Classic, rustic, and with an agricultural flare, antique cream separators are diamonds in the rough. Many people fail to realize their true potential as premium antiques.
What makes cream separators so valuable is that they appeal to two important groups – antique collectors, because of their diversity, and working farmers who want to own a piece of farming history.
After all, cream separators helped revolutionize the dairy industry from the mid-1800s right through to the 1930s. Hundreds of different models were made, making them highly collectible.
Cream separators in great condition can fetch incredible prices at auction. Often they’re bought to repurpose as ornaments or garden planters. Some small-scale farmers still use them.
So if you have an old cream separator out back, or spot one at a local yard sale and fancy making a clean profit, we’re here to help.
History of the cream separator
The cream was an incredibly valuable resource in the 1800s. It played a pivotal role in butter production and was a welcomed source of additional revenue for farmers. But getting the cream was frustrating, long-winded, and often futile work.
Before cream separators, farmers had to be very patient. They would have to leave milk settling for a long period in a container, waiting for the cream to rise to the top. Afterward, they would skim it off.
This process was bad for many reasons. It was a very time-consuming process. also risked the milk becoming contaminated or souring – rendering it useless.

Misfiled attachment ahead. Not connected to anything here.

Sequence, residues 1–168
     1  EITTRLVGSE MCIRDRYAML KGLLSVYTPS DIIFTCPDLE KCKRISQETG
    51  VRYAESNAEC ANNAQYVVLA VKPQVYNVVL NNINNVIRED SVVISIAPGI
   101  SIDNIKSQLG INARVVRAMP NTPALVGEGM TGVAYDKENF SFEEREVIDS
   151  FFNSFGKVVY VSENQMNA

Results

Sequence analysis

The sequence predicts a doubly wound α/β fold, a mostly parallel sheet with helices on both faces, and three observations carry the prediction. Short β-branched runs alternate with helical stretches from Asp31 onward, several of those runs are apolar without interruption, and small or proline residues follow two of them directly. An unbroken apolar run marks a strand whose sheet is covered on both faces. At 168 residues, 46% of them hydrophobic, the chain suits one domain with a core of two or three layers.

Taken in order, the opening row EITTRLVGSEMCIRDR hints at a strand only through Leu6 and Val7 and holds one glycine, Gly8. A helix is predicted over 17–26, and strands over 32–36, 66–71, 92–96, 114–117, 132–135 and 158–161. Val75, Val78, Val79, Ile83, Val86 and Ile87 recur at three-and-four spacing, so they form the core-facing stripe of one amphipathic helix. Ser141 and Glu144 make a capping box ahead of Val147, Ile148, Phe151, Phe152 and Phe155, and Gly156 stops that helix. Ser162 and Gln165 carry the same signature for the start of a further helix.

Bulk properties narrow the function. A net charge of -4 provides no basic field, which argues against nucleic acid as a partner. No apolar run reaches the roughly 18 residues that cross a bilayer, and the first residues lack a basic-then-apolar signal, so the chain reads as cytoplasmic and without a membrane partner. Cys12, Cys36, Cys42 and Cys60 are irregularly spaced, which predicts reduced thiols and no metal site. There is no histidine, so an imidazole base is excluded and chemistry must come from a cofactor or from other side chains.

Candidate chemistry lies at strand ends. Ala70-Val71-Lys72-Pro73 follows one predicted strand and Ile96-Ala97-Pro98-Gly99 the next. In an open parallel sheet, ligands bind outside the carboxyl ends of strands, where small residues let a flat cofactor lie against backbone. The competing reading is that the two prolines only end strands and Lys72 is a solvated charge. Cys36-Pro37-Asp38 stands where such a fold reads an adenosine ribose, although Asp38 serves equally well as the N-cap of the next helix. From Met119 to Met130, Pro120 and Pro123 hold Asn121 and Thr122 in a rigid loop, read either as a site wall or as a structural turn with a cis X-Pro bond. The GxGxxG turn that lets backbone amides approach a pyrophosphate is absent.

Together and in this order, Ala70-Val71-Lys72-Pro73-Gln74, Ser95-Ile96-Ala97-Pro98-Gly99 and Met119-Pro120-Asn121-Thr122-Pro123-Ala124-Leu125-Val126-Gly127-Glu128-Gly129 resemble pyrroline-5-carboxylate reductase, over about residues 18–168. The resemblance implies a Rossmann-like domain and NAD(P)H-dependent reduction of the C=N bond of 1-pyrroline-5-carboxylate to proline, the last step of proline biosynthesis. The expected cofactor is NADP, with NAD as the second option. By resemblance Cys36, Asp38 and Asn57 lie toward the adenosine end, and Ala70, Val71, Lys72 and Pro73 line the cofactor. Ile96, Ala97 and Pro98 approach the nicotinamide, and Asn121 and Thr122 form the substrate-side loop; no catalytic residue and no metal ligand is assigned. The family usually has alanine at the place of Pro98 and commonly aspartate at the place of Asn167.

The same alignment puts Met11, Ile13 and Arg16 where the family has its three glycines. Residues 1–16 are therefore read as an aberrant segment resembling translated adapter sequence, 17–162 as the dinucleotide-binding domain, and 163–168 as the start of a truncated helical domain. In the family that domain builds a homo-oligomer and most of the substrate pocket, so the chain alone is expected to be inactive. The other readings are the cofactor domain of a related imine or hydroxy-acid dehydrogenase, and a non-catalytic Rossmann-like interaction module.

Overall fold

The rise of the cream separator
Cream separators came at an opportune time for dairy farming. Initially, they were simple in design. It was a small container with a special nozzle at the bottom.
The milk was strained through to the container and allowed settle. The nozzle was then opened and milk was allowed to flow out from the bottom. The nozzle could be manually closed when the milk had left, leaving just the cream in the separator.
How modern cream separators worked
In time, cream separators became more sophisticated, especially when they began using centrifugal force.
First patented in 1878 by Swedish inventor Gustaf de Laval, this new process reduced the time involved dramatically.
The separator was manually operated, where the farmer turned a gear that made the separator bowl spin. Milk was heavier and slowly reached the outside of the rim. The cream was lighter and collected itself in the middle of the collector.
The milk and cream flowed out of separate nozzles. Cream separators saved the farmer time and energy, but also lots of money, as there was no longer a danger of milk becoming sour.
In the years to come, several versions of cream separators took fold. Early models were hand-cranked, then came steam power. In the 1930s, electricity revolutionized farms across America. However, by the 1940s, refrigeration saw a steep decline in the need and demand for cream separators.